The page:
The Cost Of Click Fraud
Posted on May 25, 2005
By Stan HauserOne of the biggest threats to the continued growth of Search Advertising is the increasing plague of click fraud. Although there are varying forms of click fraud, most people define it as any click generated, and paid for, where the intent is to drain the advertiser's budget. Advertisers know some clicks are more qualified than others, and not every visitor from their PPC campaigns will convert to a customer. But, they have a right to expect that the traffic they are paying for is coming from people at least marginally interested in their products or services.
What Motivates Click Fraud?
Why does click fraud exist? What motivates people to deceive the system by sending PPC advertisers bogus traffic? The short answer (as usual) is money.
Many Pay Per Click Advertising networks are partially, (or in some cases totally), dependent on affiliate sites to generate traffic for their advertisers. These networks syndicate their customer's ads so they will appear on the sites of their affiliates. Every time someone clicks on an ad the PPC Network and the affiliate site share the revenue. The more clicks the affiliate site generates, the more money it makes. While the vast majority of affiliates are legitimate trustworthy sites, others are in the business of exploiting loopholes in the system to line their pockets with real money by generating fake clicks. Often times the weapon of choice used by these rogue sites to cheat the system is a software script that automatically clicks on PPC ads.
Another variation of click fraud uses a more personal touch to steal advertiser's money. In the hyper-competitive world of Pay Per Click Advertising the battle for premium positioning at an affordable cost can cause companies to use less than ethical techniques to gain an edge. Companies can drive up their competitor's marketing costs by clicking on their Pay Per Click ads. If their competitor's marketing costs get too high they may lower the bids on their keywords, or stop bidding on the word altogether. Either way, the cost for the word goes down, giving the fraudulent company an opportunity to increase their ranking on the page at a lower cost.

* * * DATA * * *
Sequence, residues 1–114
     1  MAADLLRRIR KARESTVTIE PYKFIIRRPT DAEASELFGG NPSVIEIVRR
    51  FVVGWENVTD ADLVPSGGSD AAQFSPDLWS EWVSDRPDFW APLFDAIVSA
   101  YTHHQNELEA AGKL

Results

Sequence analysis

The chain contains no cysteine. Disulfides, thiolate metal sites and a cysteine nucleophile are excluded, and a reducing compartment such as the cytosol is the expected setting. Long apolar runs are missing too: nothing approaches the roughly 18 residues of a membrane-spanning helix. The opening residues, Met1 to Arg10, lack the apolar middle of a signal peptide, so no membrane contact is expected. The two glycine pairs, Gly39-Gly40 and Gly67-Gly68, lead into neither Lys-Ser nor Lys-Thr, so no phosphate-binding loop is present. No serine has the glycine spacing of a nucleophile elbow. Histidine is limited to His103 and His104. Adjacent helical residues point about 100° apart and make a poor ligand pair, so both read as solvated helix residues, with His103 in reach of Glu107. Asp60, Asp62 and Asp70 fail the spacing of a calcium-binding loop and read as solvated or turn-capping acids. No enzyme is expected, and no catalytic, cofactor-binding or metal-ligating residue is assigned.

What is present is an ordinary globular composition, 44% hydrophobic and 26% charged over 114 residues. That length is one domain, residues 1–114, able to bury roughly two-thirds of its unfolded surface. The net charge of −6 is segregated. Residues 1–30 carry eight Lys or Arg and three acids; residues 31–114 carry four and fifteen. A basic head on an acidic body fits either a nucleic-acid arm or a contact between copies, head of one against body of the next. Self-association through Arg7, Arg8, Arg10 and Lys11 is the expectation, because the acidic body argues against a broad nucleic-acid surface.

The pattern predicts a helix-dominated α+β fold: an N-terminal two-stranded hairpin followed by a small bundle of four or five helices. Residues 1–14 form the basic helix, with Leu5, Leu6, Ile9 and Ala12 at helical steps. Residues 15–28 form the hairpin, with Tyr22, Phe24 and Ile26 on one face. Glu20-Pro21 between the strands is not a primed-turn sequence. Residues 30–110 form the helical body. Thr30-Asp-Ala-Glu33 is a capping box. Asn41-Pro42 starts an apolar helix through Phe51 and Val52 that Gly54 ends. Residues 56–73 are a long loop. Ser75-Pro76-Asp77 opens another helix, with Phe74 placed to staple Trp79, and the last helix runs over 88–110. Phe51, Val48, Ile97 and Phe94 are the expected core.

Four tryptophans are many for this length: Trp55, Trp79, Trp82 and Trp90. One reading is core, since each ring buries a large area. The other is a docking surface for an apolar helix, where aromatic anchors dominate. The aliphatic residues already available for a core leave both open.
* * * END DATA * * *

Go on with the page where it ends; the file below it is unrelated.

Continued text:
The Search Engine's Response To Click Fraud.
All the Pay Per Click Search engines have systems in place to detect click
fraud, and screen questionable clicks. One example of how they do this is by
keying in on the IP address where the click originated from. If they see too
many clicks coming form the same IP in a short period of time they will often
screen the traffic.
The Search Engines are in a unique position when it comes to Click Fraud. On the one hand they benefit from it. The amount of revenue attributed to Click Fraud varies depending on who you ask, but everyone agrees that if illegitimate clicks were completely eliminated, all the major Search Engines would suffer a significant hit to their revenues and stock prices. However, the Search Engines also realize that the long term health of the industry depends on establishing trust with their advertiser base. Going forward we can expect to see Search Engines deploy increasingly sophisticated methods to eliminate fraud, and corresponding responses from the dark side of the Search Advertising industry.
Decreasing The Amount Of Click Fraud For Your Campaigns.
While it's impossible to completely eliminate fraudulent traffic, there are some things you can do to increase the percentage of good traffic from your investment in Pay per Click Advertising.
As a rule of thumb, the more a Pay Per Click Ad network depends on affiliates
for its traffic, the more susceptible it will be to fraud. The reason why the
overall traffic quality is better on Google, Yahoo and Lycos is that each of
these sites has their own branded destination where consumers go to search. If
you advertise on these sites you know where your ads will appear (although even
these bigger sites use affiliates to varying degrees). Once you venture into the
second tier Pay Per Click networks however you'll find that almost all of their
traffic is generated through partner sites. Companies like Kanoodle, Enhance
etc...don't own sites where people go to search the web. Nearly all their traffic
is generated through their affiliates which makes it more difficult to control
Unfortunately, click fraud is a necessary evil of Pay Per Click Advertising, at
least for now. However, as with most aspects of PPC Advertising everything
eventually boils down to conversions and profits. If your campaigns are
generating enough quality traffic to meet your conversion metrics you should
continue to invest in the campaign, even if some of the clicks are fake. If your
traffic is riddled with too many automated clicks it will eventually become
obvious in your conversion numbers, and you should stop the campaign and put
your money into pay Per Click networks that control more of their own traffic.
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